The Rubens play a style of rock which is one part timeless guitar swagger and another part modern day production groove. The Roland Corporation, the innovative company responsible for many of the world’s most iconic keyboards has teamed with Fender guitars to release The G5, VG Stratocaster, merging a classic guitar model with futuristic technology to create a versatile guitar for the times. It made sense to put one of these units into the hands of The Rubens lead vocalist and guitarist Samuel Margin to get his opinion on the meeting of these two worlds.
“When I was first asked to road test and review a bit of music equipment I was quite worried. I’d never been asked my opinion on anything like that before and wasn’t sure I could pull it off. When it was suggested that I review The Fender Roland G-5 guitar I was even more unnerved. It wasn’t as simple as reviewing a pedal like I’d hoped, but proved to be much more interesting!
I had the chance to play a Line 6 JTV-69US while I was in America and found it had many faults. It’s quite convenient for me to have something to compare the G-5 to, and quite convenient for the G-5 to have such a weak competitor… in my opinion.
Basically, Roland has taken its COSM guitar modelling technology and integrated it into a Mexican Stratocaster. This seems like a great idea in theory, but just because two things are successful on their own, doesn’t mean combining them will result in something equally successful. I’ve always been skeptical of these kinds of instruments, mainly because I feel like they are destroying the romanticism surrounding the guitar. The idea that you can now buy one guitar that can do the work of six is extremely practical, but not traditionally ‘Rock and Roll’.
The first thing you will notice about this guitar when you pick it up is the high build quality. Mexican Strats can be a little bit hit and miss sometimes, but this guitar actually feels like an American Standard Stratocaster. This is really important to me especially if I was to be performing on stage with this thing. The fact that it looks and feels like a normal Strat helps distract you from the mutant it contains and I’m sure its subtlety will be a great selling point (though the blue LED does constantly remind you that there’s something fishy going on).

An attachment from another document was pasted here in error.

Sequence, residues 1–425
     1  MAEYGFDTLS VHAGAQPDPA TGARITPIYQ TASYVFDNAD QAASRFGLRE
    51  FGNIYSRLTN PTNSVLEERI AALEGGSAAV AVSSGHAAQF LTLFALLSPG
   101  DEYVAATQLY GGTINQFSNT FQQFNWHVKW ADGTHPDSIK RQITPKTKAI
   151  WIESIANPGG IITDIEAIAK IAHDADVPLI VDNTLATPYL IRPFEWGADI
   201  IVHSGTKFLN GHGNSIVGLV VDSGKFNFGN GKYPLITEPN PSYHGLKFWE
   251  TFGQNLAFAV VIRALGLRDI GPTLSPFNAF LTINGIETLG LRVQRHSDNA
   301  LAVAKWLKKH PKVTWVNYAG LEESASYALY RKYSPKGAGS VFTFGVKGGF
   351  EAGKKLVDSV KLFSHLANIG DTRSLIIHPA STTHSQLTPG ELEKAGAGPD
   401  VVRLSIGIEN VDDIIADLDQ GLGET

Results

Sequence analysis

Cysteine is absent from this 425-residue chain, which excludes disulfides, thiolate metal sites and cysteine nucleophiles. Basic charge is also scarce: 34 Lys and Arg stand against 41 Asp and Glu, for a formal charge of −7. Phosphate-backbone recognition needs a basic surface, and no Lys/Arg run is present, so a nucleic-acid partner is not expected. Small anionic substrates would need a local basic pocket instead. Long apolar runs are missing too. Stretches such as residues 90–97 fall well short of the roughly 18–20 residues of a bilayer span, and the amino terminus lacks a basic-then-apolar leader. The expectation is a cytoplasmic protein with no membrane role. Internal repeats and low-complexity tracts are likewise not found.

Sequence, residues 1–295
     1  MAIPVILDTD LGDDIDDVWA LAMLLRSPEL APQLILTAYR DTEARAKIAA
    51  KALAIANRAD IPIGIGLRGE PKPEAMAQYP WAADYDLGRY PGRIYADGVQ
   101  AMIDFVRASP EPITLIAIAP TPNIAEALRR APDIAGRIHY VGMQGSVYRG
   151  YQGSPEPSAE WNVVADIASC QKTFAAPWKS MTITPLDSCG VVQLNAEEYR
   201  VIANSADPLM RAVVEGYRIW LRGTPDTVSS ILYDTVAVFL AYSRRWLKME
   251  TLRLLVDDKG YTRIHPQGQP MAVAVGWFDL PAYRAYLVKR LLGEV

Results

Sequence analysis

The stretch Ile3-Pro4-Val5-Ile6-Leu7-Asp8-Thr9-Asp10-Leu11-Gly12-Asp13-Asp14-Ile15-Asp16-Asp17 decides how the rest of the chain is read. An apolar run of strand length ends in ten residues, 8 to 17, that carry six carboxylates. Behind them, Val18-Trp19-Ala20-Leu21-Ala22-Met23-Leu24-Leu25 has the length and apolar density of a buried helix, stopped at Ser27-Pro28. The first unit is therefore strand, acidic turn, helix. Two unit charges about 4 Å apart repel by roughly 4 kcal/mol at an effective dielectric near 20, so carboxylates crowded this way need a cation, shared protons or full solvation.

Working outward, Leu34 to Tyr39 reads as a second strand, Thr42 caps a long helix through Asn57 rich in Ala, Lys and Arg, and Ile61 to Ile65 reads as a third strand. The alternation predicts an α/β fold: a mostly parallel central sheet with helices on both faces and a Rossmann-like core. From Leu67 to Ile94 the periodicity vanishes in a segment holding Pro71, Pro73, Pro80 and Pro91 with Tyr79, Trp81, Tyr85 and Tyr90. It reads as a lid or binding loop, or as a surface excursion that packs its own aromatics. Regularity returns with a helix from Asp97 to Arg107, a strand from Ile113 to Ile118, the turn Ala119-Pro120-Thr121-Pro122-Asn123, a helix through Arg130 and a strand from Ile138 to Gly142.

Let’s take a look at the spec sheet and see what this beast consists of. The guitar features an alder body, c-shape maple neck and
rosewood fingerboard. It has a vintage-style synchronised tremolo and three single coil pickups. Controls include a Mode knob which will gets you a modeled Strat, modeled tele, modeled humbucking, modeled acoustic guitar and there’s a non-modeling mode. The Tuning knob offers normal tuning, drop D, Open G, D modal, Baritone and 12 string guitar. Pretty impressive! There’s also a tone control knob, volume knob and five-way switch.
I am easily confused by technology, and I’m a terrible decision maker. I should have been completely daunted by such a guitar, but I wasn’t. I could’ve very easily become frustrated with the complexity of the different models but the truth is, I was just having way too much fun playing it to find it draining. I slowly tried different settings and through trial and error, became pretty at ease with the system quite quickly. I must admit I did begin to favour a few settings, particularly the Telecaster. It is actually phenomenal how much it sounds like you’re playing a Tele. The baritone guitar was equally as impressive. And there was absolutely no latency issues
This guitar could really be used in a wide range of settings. For guitarists in cover bands its surely going to become a must-have!
They could go from Hendrix to Jack Johnson with the flick of a switch. Actually, the acoustic guitar is really great too with the tone knob becoming a reverb knob when you choose this setting, another fantastic feature obviously great for using live. Although I can imagine most purist producers and engineers would turn their nose up at the idea of using the G-5 in the studio, more open minded types would benefit from having this guitar as their general studio ‘work horse’. Especially because although you have an amazing array of technology at your disposal, it can all be turned off and be used as a “classic” Strat.
It could also be an inspirational writing tool thanks to the tuning options. Being able to flick a switch and change from open tuning to drop-D and so on definitely helps when trying to get inspired and come up with a tune!
Looking back at this review its seems as though it has been a good one. I guess I like the G-5. I didn’t really expect to but Fender and Roland have really covered all the bases on the this one and left me no choice. I think the reason for its success is its relative simplicity. If I had to find something negative to say I’d only be able to find something as trivial as the fact that it doesn’t come with a hard case. If they are hoping for this guitar to be taken as seriously as the price tag suggests, (around $1500) they could throw in a Fender Hard-case.
If I’m going to be completely honest, and I am, I wouldn’t buy one of these guitars because I don’t need one. In saying that, there are countless musicians out there whose lives will be made so much easier by this amazing mash-up of technologies and because of that, I think Fender and Roland have produced something special in the G-5.”
Credit: Australian Musician Magazine